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Publication numberUS7784704 B2
Publication typeGrant
Application numberUS 11/704,414
Publication dateAug 31, 2010
Filing dateFeb 9, 2007
Priority dateFeb 9, 2007
Fee statusPaid
Also published asUS20080191045
Publication number11704414, 704414, US 7784704 B2, US 7784704B2, US-B2-7784704, US7784704 B2, US7784704B2
InventorsRobert J. Harter
Original AssigneeHarter Robert J
Export CitationBiBTeX, EndNote, RefMan
External Links: USPTO, USPTO Assignment, Espacenet
Self-programmable thermostat
US 7784704 B2
Abstract
A hybrid manual/programmable thermostat for a furnace or air conditioner offers the simplicity of a manual thermostat while providing the convenience and versatility of a programmable one. Initially, the hybrid thermostat appears to function as an ordinary manual thermostat; however, it privately observes and learns a user's manual temperature setting habits and eventually programs itself accordingly. If users begin changing their preferred temperature settings due to seasonal changes or other reasons, the thermostat continues learning and will adapt to those changes as well. For ease of use, the thermostat does not require an onscreen menu as a user interface. In some embodiments, the thermostat can effectively program itself for temperature settings that are set to occur at particular times daily or just on weekends, yet the user is not required to enter the time of day or the day of the week.
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Claims(5)
1. A thermostat method for a temperature conditioning unit, wherein the temperature conditioning unit helps control a temperature of a comfort zone, the method comprising:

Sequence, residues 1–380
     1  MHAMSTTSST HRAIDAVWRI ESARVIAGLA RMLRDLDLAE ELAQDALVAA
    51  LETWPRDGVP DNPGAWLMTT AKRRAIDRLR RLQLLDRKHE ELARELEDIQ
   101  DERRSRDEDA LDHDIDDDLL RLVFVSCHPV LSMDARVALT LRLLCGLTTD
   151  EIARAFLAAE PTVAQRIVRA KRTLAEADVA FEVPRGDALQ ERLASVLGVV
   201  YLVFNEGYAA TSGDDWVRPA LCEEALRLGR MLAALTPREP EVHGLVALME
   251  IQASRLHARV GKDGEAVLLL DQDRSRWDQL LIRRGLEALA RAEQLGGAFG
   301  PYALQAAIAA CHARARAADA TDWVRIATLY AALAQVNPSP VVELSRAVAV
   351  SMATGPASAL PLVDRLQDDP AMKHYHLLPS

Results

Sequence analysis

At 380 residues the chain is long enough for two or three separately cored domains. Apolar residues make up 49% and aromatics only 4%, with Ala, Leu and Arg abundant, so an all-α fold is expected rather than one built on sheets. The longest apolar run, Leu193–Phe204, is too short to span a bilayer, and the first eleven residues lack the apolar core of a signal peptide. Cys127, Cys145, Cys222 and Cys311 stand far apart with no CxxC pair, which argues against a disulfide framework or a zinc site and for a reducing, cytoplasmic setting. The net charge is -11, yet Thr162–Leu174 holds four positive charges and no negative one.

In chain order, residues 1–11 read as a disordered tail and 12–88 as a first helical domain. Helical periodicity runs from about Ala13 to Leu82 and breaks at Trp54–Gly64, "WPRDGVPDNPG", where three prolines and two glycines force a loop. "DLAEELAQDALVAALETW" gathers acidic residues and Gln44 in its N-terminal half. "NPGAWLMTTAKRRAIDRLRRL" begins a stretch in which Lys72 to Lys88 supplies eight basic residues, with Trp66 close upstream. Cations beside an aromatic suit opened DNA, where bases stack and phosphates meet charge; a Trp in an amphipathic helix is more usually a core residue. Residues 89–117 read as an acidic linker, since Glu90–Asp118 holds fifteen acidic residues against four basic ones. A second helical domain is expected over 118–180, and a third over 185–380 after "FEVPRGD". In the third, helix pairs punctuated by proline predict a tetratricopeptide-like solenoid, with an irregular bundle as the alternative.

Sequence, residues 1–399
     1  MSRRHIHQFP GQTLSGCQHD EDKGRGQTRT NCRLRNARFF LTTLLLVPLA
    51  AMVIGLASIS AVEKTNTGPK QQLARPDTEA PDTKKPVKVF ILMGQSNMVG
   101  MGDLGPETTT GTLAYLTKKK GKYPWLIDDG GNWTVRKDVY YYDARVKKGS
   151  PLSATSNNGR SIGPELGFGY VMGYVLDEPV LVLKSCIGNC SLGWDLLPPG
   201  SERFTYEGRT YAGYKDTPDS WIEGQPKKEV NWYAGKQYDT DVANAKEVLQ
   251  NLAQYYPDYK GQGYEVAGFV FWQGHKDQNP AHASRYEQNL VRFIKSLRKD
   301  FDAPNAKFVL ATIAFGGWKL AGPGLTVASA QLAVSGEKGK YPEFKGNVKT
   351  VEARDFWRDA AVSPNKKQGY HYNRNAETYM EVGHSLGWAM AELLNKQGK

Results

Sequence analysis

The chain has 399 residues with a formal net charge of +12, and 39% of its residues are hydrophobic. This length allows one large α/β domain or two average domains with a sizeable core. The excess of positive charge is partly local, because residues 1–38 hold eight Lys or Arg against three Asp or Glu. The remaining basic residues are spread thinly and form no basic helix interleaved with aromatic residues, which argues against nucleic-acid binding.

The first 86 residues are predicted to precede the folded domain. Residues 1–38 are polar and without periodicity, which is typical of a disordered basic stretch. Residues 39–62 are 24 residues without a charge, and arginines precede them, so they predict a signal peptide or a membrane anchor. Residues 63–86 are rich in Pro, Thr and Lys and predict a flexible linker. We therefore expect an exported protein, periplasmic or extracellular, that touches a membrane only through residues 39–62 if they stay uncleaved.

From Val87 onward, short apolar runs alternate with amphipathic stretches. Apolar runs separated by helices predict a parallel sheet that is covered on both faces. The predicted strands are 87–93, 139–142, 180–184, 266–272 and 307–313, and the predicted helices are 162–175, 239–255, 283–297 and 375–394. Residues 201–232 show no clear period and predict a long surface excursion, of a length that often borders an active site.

receiving a first manually entered setpoint temperature, which is assigned a first timestamp;
controlling the temperature conditioning unit in response to the first manually entered setpoint temperature;
receiving a second manually entered setpoint temperature, which is assigned a second timestamp;
controlling the temperature conditioning unit in response to the second manually entered setpoint temperature;
receiving a third manually entered setpoint temperature, which is assigned a third timestamp;
controlling the temperature conditioning unit in response to the third manually entered setpoint temperature;
identifying a learned setpoint temperature based on the first manually entered setpoint temperature, the second manually entered setpoint temperature, and third manually entered setpoint temperature; and
controlling the temperature conditioning unit in response to the learned setpoint temperature; and wherein
the first timestamp, the second timestamp, and the third timestamp are based on a 24-hour timer and all lie within a predetermined range of each other based on the 24-hour timer.
2. The thermostat method of claim 1, wherein first manually entered setpoint temperature, the second manually entered setpoint temperature, and third manually entered setpoint temperature all lie within 5° F. of each other.
3. The thermostat method of claim 1, further comprising:
after controlling the temperature conditioning unit in response to the learned setpoint temperature, receiving a fourth manually entered setpoint temperature; and
after receiving the fourth manually entered setpoint temperature, controlling the temperature conditioning unit in response to the fourth manually entered setpoint temperature.
4. The thermostat method of claim 3, further comprising:
after controlling the temperature conditioning unit in response to the fourth manually entered setpoint temperature, returning to controlling the temperature conditioning unit in response to the learned setpoint temperature.
5. A thermostat method for a temperature conditioning unit, wherein the temperature conditioning unit helps control a temperature of a comfort zone, the method comprising:
receiving a first manually entered setpoint temperature, which is assigned a first timestamp;
controlling the temperature conditioning unit in response to the first manually entered setpoint temperature;
receiving a second manually entered setpoint temperature, which is assigned a second timestamp;
controlling the temperature conditioning unit in response to the second manually entered setpoint temperature;
receiving a third manually entered setpoint temperature, which is assigned a third timestamp;